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Keeping up to date with the latest news

Mind the Gap!

August 2017

No one wants to have a tooth taken out but sometimes it is the only option left. Once the tooth is removed the source of your problem is gone and the area will soon heal but what next?  
It may be that doing nothing about the space is right for you and it is a perfectly reasonable option especially if the gap is at the back or does not have an opposing tooth to bite on. 
However there are good reasons why your dentist may recommend  that you replace missing teeth. Reasons include improving your appearance, making eating more comfortable and keeping your mouth healthy. 
The options that you may want to discuss with your dentist are-

  • Bridges - if only one tooth is missing your dentist might suggest this option. Bridges are made of porcelain and metal. They come in various designs depending on the location in your moth and are cemented in. 
  • Dentures - A denture may be recommended to replace a larger number of teeth and can be made of acrylic or metal. Dentures need to be taken out at night to let your mouth rest. Getting used to dentures may take time but can be a good option. 
  • Implants. - A dental implant is made of titanium and is placed directly into the jawbone at a specialist centre. Dentures, bridges or a single tooth can then be screwed onto the implant back in the surgery by your dentist. Having an implant is a surgical procedure and your gums need to be healthy.    
If you would like to talk to further about any of these options then please contact our receptionists who will be happy to book you in for a chat with your dentist to plan future treatments

A Little Too Sensitive!

July 2017

Of all the topics raised during a patient consultation, sensitive teeth is one of the most common.

Having sensitive teeth can mean anything from getting a mild twinge to discomfort that can last several hours.

Many people suffer from sensitive teeth and it can start at any time, although it is more common in people aged between 20 and 40 and women are more likely to be affected than men.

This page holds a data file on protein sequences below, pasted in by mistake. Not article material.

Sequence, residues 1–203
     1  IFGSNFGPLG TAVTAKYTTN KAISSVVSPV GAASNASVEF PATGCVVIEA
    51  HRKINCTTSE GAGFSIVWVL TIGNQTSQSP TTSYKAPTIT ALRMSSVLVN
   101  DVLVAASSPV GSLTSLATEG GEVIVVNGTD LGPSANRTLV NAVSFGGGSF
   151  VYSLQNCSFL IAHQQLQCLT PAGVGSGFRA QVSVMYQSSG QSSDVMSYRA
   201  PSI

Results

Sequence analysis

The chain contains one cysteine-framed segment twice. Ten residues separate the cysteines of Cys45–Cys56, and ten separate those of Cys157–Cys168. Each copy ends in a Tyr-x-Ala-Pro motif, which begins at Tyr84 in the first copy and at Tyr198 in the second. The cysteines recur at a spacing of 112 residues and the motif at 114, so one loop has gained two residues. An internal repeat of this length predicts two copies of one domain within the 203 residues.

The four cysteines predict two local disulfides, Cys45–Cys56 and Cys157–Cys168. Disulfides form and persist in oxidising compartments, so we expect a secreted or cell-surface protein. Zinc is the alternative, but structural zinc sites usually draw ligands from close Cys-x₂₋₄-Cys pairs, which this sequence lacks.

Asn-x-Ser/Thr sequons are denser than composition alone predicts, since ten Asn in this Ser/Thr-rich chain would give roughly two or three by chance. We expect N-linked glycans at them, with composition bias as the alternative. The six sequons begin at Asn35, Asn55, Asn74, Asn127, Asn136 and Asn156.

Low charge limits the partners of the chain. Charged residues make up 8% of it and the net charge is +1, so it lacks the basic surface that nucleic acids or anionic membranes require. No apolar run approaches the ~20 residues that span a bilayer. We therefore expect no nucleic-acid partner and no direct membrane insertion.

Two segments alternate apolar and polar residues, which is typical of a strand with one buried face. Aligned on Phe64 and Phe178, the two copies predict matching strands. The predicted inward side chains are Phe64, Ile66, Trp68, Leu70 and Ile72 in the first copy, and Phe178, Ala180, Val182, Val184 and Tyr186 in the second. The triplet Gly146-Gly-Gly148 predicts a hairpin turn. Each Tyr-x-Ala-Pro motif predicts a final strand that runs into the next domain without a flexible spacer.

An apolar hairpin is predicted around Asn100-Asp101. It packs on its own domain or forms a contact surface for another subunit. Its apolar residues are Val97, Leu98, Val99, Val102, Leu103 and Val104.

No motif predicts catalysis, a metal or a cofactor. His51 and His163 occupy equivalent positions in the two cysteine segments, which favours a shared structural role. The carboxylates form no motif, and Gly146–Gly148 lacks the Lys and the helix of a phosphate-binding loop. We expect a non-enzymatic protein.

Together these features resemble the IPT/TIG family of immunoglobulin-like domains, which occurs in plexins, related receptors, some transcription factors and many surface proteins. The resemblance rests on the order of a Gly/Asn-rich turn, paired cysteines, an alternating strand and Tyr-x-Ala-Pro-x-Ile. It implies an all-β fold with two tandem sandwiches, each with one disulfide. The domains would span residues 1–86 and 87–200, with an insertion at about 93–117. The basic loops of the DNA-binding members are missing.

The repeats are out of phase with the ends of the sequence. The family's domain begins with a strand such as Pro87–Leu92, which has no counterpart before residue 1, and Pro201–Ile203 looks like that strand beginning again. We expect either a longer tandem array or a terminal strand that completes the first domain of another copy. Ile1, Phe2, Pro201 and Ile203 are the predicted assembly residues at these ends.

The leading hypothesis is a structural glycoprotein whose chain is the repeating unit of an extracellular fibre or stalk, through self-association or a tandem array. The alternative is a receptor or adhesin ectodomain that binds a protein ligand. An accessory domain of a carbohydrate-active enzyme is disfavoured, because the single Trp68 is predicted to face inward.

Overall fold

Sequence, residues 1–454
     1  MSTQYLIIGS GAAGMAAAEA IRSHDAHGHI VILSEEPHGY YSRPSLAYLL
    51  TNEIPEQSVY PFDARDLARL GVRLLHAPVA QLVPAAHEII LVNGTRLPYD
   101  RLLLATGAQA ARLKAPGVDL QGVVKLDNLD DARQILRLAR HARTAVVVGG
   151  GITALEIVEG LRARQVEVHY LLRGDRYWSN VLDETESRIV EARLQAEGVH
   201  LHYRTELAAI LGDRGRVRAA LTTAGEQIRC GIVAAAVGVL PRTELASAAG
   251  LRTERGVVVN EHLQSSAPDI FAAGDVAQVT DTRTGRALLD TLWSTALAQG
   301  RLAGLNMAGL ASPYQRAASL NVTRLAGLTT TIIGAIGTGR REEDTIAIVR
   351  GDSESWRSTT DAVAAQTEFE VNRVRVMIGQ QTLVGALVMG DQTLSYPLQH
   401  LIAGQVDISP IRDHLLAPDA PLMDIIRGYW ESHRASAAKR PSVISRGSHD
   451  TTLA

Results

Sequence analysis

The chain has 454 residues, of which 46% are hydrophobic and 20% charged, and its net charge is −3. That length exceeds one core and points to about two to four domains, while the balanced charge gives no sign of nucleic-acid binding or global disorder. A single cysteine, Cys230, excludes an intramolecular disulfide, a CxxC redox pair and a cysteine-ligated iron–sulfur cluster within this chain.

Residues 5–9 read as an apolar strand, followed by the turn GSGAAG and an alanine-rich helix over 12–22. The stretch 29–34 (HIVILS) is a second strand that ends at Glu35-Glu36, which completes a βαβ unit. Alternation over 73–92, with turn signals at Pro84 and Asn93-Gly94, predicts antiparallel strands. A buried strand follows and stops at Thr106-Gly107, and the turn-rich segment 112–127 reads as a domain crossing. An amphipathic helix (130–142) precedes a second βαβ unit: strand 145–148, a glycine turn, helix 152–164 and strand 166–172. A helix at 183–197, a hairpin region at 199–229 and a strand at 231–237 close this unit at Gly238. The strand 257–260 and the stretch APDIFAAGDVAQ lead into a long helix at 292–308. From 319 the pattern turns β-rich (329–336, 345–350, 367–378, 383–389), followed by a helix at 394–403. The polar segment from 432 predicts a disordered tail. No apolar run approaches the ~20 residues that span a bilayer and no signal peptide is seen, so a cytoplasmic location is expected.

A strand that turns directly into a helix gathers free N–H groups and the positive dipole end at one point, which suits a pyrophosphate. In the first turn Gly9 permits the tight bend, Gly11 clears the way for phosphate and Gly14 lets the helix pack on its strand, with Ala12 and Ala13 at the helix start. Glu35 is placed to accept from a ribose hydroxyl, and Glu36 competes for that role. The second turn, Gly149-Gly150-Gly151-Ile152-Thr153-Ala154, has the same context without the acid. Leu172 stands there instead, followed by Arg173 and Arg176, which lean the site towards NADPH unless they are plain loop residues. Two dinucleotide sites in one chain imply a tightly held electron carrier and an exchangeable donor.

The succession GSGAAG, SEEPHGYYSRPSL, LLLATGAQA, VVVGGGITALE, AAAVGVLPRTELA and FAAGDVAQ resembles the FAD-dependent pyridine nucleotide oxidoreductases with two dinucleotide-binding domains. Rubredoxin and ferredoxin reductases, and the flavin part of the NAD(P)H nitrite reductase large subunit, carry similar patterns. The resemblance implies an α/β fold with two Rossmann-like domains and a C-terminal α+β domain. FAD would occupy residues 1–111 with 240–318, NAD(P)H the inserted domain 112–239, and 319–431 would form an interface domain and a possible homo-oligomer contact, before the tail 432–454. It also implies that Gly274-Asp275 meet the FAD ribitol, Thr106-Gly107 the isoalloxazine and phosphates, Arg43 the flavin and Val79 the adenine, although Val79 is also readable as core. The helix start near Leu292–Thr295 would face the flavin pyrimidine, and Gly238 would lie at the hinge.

The part of the tooth we can see has a layer of enamel that protects the softer dentine underneath.

If the dentine is exposed a tooth can become sensitive. This usually happens where the tooth and the gum meet and the enamel layer is much thinner.

Here are some causes of sensitivity

• Brushing too hard and brushing from side to side can cause the enamel to be worn away. The freshly exposed dentine may then become sensitive.

• The loss of tooth enamel caused by attacks of acid from acidic foods and drinks.

• Gums may naturally shrink back and the roots of the teeth become exposed and can be more sensitive as root surfaces do not have enamel to protect them.

• Gum disease can cause the gum to recede down the tooth and even destroy bony support making the area difficult to clean.

• Tooth grinding is a habit which involves clenching and grinding the teeth together. This can cause the protective enamel to be worn away making the teeth sensitive.

• A cracked tooth or filling can cause sensitivity to extreme temperature especially if the crack runs from the biting surface of the tooth to the root.

• In some patients tooth bleaching can cause sensitivity for a short time but this is easily managed with advice from your dentist before treatment starts.

You may find that hot,cold,sweet or acidic drinks or foods such as ice cream can bring on sensitivity so you may want to avoid these. If you have sensitivity when brushing your teeth with cold water you may need to use warm water instead. It is important to keep brushing your teeth regularly and spit the toothpaste away without a final rinse as there is de- sensitising properties in the fluoride.

During your check up your dentist will talk to you about your symptoms and may treat affected teeth with special de-sensitising products not available over the counter.